But the roommates stopped me. Shippensburg University is, after all, a dry campus, and you can get in a lot of trouble for being drunk. Which I clearly was.  They spent a good 5 minutes trying to convince me to calm down, but I just got angrier and angrier, and louder and louder. And drunk, angry, and loud is bad even inside the dorm room, because some authority figure is bound to come check things out eventually, and then they’re all gonna get in trouble.

            So, they stuffed me in the closet.  They turned out the light. I’m sure they were thinking I’d just go to sleep or something, but I got even angrier. I got all turned-around and confused. It was pitch black and I couldn’t tell which way the door was or even which way was up or which way was down and I started to howl and claw at the walls I was so angry I couldn’t even remember Her name now I was just angry at everything and god oh so drunk I started throwing the food off the shelves the Slim Jims the Captains Wafers I stubbed my toe kicking the big Igloo cooler it hurt but just for a flaring moment I got angrier still and tore the shelving unit down on myself and howled even louder howled like I was outdoors or on a mountain not stuck in some pitch-black closet I got a full head of steam and ran into the wall hoping it was the door but it wasn’t I couldn’t find the door then somewhere in there I forgot where I was and then a moment later who I was I am not exaggerating this is not the only time this would happen to me and there is nothing more terrifying than being so drunk yet so cognizant that you are aware only that you are drunk at this point I stopped howling and forgot I was angry and became utterly terrified who was I? what was I doing here? why wouldn’t they help me? I knew there was a they somewhere who could help me but didn’t have the smallest clue who they were or where they were it was like being encapsulated in a huge malevolent concrete womb I slid my hands along every wall surface but it was all just smooth cold painted cinder blocks no knobs no windows no magic buttons I began to cry in earnest and wonder if in fact I was dead or in some kind of prison but at the moment I could not picture what prison looked like not even images from TV or that movie Escape From Alcatraz that my mother had helped me buy on VHS when I was ten I could remember that though I could remember my mother helping me buy Escape From Alcatraz from Hills department store but I couldn’t picture my mother I had no idea what she looked like or what her name was so maybe Escape From Alcatraz was all a dream…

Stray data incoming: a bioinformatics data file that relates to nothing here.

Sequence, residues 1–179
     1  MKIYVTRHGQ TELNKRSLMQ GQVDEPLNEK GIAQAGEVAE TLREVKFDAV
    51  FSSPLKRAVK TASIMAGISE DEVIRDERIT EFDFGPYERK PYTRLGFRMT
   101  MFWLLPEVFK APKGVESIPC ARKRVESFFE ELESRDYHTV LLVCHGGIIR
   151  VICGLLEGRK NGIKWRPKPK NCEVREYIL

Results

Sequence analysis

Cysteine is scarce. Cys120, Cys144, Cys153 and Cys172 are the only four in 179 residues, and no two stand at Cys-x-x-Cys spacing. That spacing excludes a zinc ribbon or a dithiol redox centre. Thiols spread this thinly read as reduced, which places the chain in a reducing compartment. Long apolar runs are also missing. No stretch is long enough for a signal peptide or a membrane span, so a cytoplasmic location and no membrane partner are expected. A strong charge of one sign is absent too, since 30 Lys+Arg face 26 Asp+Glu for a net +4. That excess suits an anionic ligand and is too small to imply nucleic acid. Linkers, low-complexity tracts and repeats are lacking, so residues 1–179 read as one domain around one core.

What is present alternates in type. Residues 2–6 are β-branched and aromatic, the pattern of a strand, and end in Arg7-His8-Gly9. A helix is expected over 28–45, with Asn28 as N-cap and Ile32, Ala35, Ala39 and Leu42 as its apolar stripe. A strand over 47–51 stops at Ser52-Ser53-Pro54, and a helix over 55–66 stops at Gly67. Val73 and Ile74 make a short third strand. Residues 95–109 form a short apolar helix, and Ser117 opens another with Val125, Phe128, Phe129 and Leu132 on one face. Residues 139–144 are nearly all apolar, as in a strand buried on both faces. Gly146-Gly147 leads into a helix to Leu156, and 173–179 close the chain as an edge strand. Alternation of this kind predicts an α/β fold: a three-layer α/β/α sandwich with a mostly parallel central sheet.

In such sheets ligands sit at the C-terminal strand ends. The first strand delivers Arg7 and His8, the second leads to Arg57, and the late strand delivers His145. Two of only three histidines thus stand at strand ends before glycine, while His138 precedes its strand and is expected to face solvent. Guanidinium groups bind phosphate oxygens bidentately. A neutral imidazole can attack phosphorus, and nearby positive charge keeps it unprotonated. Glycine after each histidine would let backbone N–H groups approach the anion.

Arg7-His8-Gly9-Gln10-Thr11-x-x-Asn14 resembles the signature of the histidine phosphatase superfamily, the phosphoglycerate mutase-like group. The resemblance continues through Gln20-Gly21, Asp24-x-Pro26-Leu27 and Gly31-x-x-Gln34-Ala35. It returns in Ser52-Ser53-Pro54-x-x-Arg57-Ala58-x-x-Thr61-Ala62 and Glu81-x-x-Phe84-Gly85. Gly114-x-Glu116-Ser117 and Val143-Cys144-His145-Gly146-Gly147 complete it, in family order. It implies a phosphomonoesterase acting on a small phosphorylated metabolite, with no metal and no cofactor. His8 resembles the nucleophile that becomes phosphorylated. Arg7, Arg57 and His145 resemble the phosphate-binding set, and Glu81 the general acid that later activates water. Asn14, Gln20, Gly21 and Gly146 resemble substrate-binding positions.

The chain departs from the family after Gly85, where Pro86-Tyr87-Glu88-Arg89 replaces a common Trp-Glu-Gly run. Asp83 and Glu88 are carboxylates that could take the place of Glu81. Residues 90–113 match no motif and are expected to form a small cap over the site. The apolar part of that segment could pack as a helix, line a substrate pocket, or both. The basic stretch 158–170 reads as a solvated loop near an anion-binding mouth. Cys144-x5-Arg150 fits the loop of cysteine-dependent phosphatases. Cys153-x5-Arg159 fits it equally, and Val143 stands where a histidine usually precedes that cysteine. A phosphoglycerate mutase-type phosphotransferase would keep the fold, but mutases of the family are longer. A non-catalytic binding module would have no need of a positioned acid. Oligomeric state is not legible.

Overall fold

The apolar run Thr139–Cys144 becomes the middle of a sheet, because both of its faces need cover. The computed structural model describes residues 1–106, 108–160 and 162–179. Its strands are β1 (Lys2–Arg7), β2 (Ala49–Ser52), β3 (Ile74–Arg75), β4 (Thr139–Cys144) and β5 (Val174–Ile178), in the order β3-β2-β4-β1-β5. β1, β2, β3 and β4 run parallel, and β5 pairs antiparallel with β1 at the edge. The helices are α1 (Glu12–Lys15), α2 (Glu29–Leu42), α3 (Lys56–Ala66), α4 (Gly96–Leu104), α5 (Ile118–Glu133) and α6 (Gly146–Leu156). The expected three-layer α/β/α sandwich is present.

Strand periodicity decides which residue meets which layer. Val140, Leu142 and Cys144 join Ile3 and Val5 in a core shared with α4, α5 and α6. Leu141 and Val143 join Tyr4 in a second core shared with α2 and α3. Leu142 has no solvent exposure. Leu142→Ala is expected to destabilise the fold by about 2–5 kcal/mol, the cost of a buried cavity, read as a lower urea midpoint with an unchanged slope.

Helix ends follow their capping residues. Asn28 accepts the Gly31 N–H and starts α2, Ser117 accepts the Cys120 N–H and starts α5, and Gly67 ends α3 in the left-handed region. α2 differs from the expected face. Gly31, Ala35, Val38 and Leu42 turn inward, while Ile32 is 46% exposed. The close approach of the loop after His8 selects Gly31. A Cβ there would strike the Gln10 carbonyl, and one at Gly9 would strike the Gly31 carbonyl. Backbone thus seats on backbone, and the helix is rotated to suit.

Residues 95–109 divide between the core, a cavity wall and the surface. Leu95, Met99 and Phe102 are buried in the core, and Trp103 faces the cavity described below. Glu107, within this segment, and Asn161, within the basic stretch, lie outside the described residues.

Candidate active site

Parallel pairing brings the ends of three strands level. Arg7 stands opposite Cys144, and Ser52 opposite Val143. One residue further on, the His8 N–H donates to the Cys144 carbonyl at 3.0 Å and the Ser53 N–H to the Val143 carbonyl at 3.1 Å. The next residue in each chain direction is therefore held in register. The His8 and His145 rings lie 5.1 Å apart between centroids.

When I emerged into the common room the next morning, the front of my pants were covered with piss and there was dried rancid shit in my ass crack.

2 Responses to “Seavers Apartments, Shippensburg University, Shippensburg, Pennsylvania”

  1. Duuuuuuuuude. I forgot about this one. Horrible, yet great story.

  2. Oh my God, Seth. You never told me this story before. That was probably a smart decision, actually. I still feel guilty…